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The concepts of interior and exterior lines gained prominence during the Napoleonic Era with the writings of Jomini. Interior Lines of Operation deal with forces whose operations diverge from a central point. The use of interior lines allows a commander to rapidly shift forces to the decisive point.
The Battle of Gettysburg was a great historical example illustrating the impact of interior and exterior lines. At the Battle of Gettysburg, the Confederates uncharacteristically fought along exterior lines. Their lines of communication stretched from Pennsylvania through the Shenandoah Valley south to Richmond. This was an extremely precarious situation for General Lee and weighed heavily on his decisions at Gettysburg.
The Army of the Potomac, under command of newly appointed General Meade, found themselves operating from interior lines at Gettysburg. On July 2 and 3, this became a major factor in General Meade’s ability to react to the offensive actions taken by the Army of Northern Virginia.
I propose that Lines of Operations, as espoused by Jomini years earlier, was the decisive factor in the Gettysburg Campaign. I believe that the use of interior lines by General Meade, specifically throughout the day and night of Day 2 and again on day 3, allowed the Army of the Potomac to gain victory. The Army of Northern Virginia on several occasions achieved momentary breaks in the Union lines only to be repulsed by Union forces shifted from other positions. General Meade would not have been able to rapidly shift these forces to the decisive point unless he was operating on interior lines.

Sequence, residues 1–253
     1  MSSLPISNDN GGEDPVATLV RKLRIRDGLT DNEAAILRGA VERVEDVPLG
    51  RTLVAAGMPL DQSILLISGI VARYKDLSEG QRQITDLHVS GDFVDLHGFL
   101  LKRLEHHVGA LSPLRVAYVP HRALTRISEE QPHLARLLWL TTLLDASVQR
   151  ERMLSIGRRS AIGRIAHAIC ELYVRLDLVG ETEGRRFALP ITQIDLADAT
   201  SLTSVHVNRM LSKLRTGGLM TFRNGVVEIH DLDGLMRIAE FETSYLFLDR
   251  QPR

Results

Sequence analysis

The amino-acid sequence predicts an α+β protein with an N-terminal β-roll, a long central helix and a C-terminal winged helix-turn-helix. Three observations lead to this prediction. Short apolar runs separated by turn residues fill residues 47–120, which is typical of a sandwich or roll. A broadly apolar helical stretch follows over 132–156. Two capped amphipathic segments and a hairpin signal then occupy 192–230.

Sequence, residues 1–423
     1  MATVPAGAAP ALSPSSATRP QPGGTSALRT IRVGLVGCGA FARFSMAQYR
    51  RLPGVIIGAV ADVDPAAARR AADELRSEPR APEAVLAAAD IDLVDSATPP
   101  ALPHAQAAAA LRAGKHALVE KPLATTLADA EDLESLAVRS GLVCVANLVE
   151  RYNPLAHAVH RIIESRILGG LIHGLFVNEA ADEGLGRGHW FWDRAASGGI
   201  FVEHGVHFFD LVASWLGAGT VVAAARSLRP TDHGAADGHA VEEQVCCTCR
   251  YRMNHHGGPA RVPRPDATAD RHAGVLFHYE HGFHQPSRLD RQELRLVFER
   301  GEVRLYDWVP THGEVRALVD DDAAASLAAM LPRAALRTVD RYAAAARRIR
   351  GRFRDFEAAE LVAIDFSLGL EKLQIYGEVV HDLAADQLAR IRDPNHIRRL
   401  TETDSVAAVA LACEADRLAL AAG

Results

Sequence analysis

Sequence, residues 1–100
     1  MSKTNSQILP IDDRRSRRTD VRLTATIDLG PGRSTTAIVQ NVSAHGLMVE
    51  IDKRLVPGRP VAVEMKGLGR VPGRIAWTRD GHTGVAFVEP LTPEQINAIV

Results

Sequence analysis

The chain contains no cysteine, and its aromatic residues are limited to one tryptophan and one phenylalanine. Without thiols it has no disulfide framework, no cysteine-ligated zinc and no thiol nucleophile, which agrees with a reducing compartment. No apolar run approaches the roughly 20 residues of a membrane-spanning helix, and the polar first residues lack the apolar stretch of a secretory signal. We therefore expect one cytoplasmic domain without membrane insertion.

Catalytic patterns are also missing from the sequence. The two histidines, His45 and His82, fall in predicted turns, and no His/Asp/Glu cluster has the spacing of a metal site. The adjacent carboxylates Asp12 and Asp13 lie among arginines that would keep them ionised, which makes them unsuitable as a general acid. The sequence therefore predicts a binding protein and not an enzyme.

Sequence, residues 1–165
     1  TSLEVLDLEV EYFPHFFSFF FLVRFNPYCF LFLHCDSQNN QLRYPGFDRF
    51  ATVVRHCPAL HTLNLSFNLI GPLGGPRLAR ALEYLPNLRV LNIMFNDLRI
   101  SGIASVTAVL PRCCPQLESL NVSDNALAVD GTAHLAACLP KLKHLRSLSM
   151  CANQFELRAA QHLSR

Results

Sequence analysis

Throughout the three days of battle, General Meade applied Operational Art in positioning his forces at the decisive time and place. One must keep in mind the significance of General Meade’s actions at Gettysburg. He defeated the venerable General Robert E. Lee on the battlefield, a feat elusive to all previous commanders of the Army of the Potomac.